• Laugh or scoff if your opponent misses a shot or makes a mistake.
  • Brag to others each time you win.

How to win when you lose

  • Thank the winner for a great game and congratulate him or her.
  • Accept that you have lost, but remember that you have the chance to win next time.
  • Help pack up and put away materials.

How to lose when you lose

  • Whinge.
  • Be grumpy and act as if you don’t care about the game.
  • Accuse the winner of cheating.
  • Give up or stop trying because you think you are going to lose.
  • Make negative comments like “this is a dumb game”.
  • Make excuses for your performance.

How to win when you win

  • Keep trying hard, even if you are way out in front.
  • Show your opponents that you are pleased that you won and thank them for a good game.
  • Show your opponents that you enjoyed playing against them and invite them to play again soon.
  • If you think you were lucky to win, tell them that too.
  • Help pack up and put away materials.

related skills

sharing and taking turns

  • If there is not enough equipment for everyone to use, devise a fair system so that all people have access to it. Decide on a fair amount of time or give more time to people who need the equipment to complete certain tasks.
  • When it’s your turn, stick to the time limit you have set.
  • Share your personal things. If you don’t want to share something, don’t bring it. Alternatively give instructions, in a friendly voice, regarding how you want others to use it, so it’s looked after properly.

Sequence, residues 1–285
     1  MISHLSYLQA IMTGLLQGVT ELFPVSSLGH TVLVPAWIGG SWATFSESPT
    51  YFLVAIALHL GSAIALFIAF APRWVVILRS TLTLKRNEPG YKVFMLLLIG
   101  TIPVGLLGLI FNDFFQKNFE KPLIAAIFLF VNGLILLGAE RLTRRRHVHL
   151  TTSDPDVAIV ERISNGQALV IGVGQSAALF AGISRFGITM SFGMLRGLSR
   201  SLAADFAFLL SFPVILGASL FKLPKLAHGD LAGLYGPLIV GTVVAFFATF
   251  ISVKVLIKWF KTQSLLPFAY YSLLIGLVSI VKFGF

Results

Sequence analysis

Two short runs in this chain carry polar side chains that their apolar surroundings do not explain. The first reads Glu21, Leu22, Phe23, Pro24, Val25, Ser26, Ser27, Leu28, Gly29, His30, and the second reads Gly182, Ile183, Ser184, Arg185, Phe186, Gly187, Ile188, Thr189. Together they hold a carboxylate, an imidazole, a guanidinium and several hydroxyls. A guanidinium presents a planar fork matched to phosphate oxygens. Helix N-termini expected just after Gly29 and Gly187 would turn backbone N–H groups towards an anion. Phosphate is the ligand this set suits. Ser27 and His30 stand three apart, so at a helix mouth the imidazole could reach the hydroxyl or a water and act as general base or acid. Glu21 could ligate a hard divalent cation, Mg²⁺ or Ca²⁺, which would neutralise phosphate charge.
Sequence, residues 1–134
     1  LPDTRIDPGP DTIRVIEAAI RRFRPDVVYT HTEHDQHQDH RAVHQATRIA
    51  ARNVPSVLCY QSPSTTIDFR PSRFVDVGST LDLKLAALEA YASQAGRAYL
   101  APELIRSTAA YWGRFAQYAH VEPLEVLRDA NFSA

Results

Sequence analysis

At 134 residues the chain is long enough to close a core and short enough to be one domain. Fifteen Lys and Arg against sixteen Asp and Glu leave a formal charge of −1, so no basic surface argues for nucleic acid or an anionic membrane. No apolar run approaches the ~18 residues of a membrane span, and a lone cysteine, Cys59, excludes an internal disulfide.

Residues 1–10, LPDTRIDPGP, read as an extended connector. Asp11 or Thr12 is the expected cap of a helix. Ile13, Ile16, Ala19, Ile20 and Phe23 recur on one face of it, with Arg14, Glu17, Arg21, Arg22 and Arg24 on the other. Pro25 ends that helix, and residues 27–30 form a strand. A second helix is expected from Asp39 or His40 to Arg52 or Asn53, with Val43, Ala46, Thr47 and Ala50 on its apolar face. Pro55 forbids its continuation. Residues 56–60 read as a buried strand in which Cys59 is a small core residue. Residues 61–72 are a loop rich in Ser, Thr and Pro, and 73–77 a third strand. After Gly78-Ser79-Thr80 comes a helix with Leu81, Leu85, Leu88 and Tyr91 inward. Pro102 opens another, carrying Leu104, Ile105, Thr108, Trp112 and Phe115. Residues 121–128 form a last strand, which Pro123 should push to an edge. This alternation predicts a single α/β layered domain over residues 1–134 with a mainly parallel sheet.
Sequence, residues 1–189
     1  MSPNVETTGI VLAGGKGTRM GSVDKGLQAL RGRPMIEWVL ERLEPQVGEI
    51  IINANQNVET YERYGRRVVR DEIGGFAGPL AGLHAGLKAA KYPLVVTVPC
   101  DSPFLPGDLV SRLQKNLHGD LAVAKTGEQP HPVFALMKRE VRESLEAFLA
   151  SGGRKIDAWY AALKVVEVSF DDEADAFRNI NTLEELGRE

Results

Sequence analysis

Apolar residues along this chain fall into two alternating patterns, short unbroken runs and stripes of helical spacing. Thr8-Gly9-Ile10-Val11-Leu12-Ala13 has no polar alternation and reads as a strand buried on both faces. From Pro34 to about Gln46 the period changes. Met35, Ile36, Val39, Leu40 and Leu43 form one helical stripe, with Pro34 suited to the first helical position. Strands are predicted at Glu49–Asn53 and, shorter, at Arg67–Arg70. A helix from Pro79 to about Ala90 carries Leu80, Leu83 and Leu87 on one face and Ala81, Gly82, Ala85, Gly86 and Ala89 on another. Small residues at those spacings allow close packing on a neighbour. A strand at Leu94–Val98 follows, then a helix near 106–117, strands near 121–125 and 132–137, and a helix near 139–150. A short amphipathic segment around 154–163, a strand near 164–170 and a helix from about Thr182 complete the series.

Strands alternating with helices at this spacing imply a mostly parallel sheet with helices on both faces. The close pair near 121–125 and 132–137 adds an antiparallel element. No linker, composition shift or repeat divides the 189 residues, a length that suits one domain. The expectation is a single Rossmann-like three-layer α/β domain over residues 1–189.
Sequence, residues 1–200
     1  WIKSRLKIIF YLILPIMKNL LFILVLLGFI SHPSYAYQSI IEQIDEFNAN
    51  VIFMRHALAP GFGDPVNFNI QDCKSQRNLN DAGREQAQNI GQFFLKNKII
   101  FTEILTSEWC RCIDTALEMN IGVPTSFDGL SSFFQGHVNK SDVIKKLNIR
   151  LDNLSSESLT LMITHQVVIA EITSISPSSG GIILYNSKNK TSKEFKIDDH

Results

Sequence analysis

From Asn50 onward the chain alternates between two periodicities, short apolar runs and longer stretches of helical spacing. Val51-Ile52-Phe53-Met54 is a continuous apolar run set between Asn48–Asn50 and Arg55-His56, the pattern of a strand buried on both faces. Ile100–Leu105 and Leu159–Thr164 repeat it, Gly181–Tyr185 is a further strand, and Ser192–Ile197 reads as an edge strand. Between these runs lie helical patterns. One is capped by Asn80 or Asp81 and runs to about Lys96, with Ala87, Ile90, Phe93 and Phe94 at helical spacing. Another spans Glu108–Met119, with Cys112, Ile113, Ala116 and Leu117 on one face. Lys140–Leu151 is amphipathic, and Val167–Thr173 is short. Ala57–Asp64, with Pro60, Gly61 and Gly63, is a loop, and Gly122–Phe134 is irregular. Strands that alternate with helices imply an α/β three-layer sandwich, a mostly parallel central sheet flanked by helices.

• Take turns in discussions. If you are not sure if someone has finished talking, ask, “Can I say something now?”

Verbal cues

  • Would you like a turn?
  • I think it’s your turn now.
  • I have these ... would you like to borrow them?
  • When you use my ... could you please ...

encouraging others

  • When someone makes an error, remember how you feel when you make a mistake.
  • Don’t point out the mistake, they probably already know.
  • Say something that indicates you know how they feel.
  • Use humour to make light of the situation and to make the person feel better (but don’t use it to put the person down).
  • Remember, the person wants respect and understanding from you.
  • Touch them quickly and lightly on the arm to console them.
  • When they fix their mistake, be positive but don’t go on about it.

Verbal cues

  • Don’t worry, you’ll get it next time.
  • This is hard, isn’t it – I had a bit of trouble too.
  • Keep up the effort, you’re nearly there.

giving compliments

  • Decide what you will compliment the other person on (e.g., effort, skill, achievement).
  • Choose a time when the other person will feel comfortable accepting the compliment.
  • Be sincere.
  • Begin the compliment using “I” messages to show it is your opinion.
  • State what it is you like and your reason for liking it.

Verbal cues

  • I really like ... because …
  • I think that ... is very skilful because ...
  • I find the way you ... very inspiring because ...
  • In my opinion, the ... was amazing because ...

accepting compliments

  • Thank the person for the compliment.
  • Accept the compliment in a way that protects you from your own self-criticism.
  • Comment on the content of the compliment and add some information to it.
  • If you think the compliment is insincere, remember it is the person’s opinion and ask them to describe what they like specifically.

Verbal cues

  • Thank you, I appreciate that.
  • Thank you, I’m glad you think so.
  • Thank you, that’s nice to hear.
  • Thank you, I have been practising that.
  • Thank you. What was it that impressed you?